Small Feet – From Far Enough Away Everything Sounds Like The Ocean

Small Feet - From Far Enough Away Everything Sounds Like The OceanSmall Feet were humbly created in a modest Swedish 18th century cabin, dubbed Kvastis by band member Simon Stålhamre. The lead guitarist and singer contracted the name from its original, Kvastmakartrapan, which refers to the broom makers who once occupied said cabins. These cabins, owned by the government, are leased to artists in a typically Swedish gesture of social democracy, and Stålhamre’s uncle passed his contract on to his musical nephew. Stålhamre met bassist Jacob Snavely through mutual friends; he’s an ex-pat American musician who nudged Stålhamre towards focusing more time and energy into his music and songs. Together with Christopher Cantillo on drums, the trio became Small Feet, creating this album, From Far Enough Away Everything Sounds Like The Ocean in Kvastis, their own meek studio.

The trio take from American influences, drawing comparisons to Neil Young, Chad VanGaalen and Scandinavian Woods. You could even go as far to say they draw from music extended to the American’s reach; a sound similar to the melodic pop-rock found in Ireland or bag pipes in Scotland.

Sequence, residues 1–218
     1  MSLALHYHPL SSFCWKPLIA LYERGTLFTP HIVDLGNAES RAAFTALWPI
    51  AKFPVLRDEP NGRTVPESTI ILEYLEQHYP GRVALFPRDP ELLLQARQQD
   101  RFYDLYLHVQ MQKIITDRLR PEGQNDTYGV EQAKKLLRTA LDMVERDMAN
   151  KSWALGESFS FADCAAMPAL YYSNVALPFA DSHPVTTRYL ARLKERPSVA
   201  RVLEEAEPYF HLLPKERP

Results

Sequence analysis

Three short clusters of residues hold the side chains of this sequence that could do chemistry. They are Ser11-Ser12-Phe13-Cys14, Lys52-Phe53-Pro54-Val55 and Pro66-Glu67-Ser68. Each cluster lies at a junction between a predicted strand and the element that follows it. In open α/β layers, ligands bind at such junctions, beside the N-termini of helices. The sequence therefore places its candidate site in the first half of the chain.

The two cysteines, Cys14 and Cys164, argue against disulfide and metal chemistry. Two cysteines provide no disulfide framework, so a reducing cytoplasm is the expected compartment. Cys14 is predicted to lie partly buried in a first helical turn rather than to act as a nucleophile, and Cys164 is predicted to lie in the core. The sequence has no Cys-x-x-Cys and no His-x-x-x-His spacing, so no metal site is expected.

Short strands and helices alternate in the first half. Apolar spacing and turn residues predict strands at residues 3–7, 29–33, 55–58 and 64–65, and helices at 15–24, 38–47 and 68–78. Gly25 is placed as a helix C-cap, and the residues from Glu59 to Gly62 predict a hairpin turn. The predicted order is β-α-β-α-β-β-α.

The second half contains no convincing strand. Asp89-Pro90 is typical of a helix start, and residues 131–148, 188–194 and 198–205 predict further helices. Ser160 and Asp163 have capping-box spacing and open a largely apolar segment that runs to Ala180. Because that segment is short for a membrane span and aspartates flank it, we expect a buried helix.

"Gold" opens From Far Enough Away Everything Sounds Like The Ocean, setting the scene and informing the listener of the impatience Stålhamre succumbed to while creating this album. It’s a warm introduction, inviting the listener in to find out whether this want for gold is met. "Rivers" offers further mention of a ghost, possibly relating to the history of Kvastis and the other cabins. The slow, distant, gloomy drum beat allows the mind to wander and imagine the broom makers chopping wood, with the wistful vocals flowing over these beats; you cannot help but find yourself mournful over times gone by, walking through shadows and grey clouds.

"All and Everyone" brings your imagination back into the modern day, wandering through the woods still with an upbeat melody, faster tempo and pleasing whistling. During "Palm Trees" Stålhamre sings, “Sometimes I worry about the future,” as though he’s taking you on a journey through his own imagination and fears. The entirety of the album rides on a sombre tone and longing for zest. "Here’s to Violence" rounds off the full length, allowing the listener to query the emotions pumped into this melodious outlet. “Slip me something ‘cause I cannot sleep, get me over with, set me free,” are not lyrics you’d expect from a musician singing fondly about his surroundings and upbringing, yet they open your mind and with the deep harmonious sighs in the background  - “God must’ve been on drugs” - seem even more powerful.

The melancholy tone seeps through each element of From Far Enough Away Everything Sounds Like The Ocean, so it's not the best if you’re feeling down, but great for seeking darker inspiration for creativity.

Release: 14th August 2015, Control Freak Kitten


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